Author: Barack and Michelle Almost Split

President Barack Obama and first lady Michelle Obama walk towards Air Force One at Andrews Air Force Base, Md., en route to New York to have a private dinner and attend a play, Saturday, May 30, 2009. (AP Photo/J. Scott Applewhite AP Photo/J.Scott Applewhite

Michelle and Barack Obama's marriage was so shaky at one point that they almost separated, according to a new book that gives what it says is a behind-the-scenes look at the Obamas' life together.

In "Barack and Michelle: Portrait of An American Marriage," author Christopher Andersen also says the Obamas had lots of trouble conceiving when they wanted to start a family, Michelle gave a thumbs-down on Hillary Clinton as a possible running mate for Barack, and persuaded him to go with the campaign slogan "Yes we can!" which he considered corny.

Andersen writes that Barack's overriding political ambition caused a wedge between the two so serious that they almost split up. "I think she could have walked at one point. She felt abandoned."

"The strains in their marriage, they've been very open about," Andersen told "Early Show" co-anchor Harry Smith. "During the period when he was in the senate, the State Senate, in Illinois, he said it was a dark time in their marriage. It was angry all the time."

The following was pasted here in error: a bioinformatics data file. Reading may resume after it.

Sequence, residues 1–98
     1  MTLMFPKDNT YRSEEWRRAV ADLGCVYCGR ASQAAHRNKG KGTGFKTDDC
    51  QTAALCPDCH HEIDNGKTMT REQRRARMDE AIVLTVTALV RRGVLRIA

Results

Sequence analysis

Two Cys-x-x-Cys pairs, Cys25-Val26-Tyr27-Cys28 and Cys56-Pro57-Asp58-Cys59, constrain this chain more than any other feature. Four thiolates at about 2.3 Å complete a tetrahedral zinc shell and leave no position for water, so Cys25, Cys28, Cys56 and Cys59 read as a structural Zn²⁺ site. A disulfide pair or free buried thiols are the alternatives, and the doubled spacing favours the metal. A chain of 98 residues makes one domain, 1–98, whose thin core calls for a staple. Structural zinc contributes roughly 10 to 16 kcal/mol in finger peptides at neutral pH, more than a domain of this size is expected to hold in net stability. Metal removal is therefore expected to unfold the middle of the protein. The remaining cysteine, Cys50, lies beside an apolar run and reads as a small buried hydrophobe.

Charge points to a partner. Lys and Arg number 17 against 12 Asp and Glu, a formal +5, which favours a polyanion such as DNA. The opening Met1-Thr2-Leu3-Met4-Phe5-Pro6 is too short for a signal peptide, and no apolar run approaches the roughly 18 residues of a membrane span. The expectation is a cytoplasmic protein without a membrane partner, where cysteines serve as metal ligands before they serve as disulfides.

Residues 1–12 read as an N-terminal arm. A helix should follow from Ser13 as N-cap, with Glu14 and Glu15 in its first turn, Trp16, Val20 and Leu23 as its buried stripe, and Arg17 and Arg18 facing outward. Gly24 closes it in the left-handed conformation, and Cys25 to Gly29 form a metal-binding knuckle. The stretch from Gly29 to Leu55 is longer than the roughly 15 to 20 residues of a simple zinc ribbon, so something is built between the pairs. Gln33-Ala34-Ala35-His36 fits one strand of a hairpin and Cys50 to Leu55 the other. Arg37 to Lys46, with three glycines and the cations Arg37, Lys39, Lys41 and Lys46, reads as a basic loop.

But a terrible scare brought them back together when Sasha was diagnosed with spinal meningitis in 2001.

Andersen also writes that the Obamas had a rough road having children. "For five years," he summed up for Smith, "they tried to have children, and they were very concerned about their ability to have them before Malia came along. And, in fact, one of their best friends has gone on record as saying when she became pregnant, she was afraid to tell Michelle, because Michelle had been trying so hard and she didn't want to break her heart. They discussed adoption with some of their closest friends and then, fortunately for them, Malia came along in 1998."

Michelle "had very strong input" into Barack's decision to bypass Hillary Clinton as a running mate, Andersen told Smith. "Barack Obama has said repeatedly that, 'She is my chief counsel, my chief adviser, I would never make a decision without going to her and asking her opinion,' " Andersen remarked. "She, in fact, gave her opinion, and that was -- she asked him if he really wanted to have Bill and Hillary down the hall in the White House. 'Can you live with that?" "

And, Andersen says, Michelle pushed for "Yes we can!" "The campaign has verified that," he pointed out to Smith. "The fact of the matter is that, when David Axelrod, his campaign manager, floated this by, he didn't like it at all. He thought it was childish and corny and she said, 'No, trust me, I know it will work.' So she was the deciding factor there."

Andersen defended the research he did for the book, noting he'd interviewed roughly 200 people who've been closest to Michelle and Barack over the years.

To read an excerpt of "Barack and Michelle: Portrait of An American Marriage," click here.
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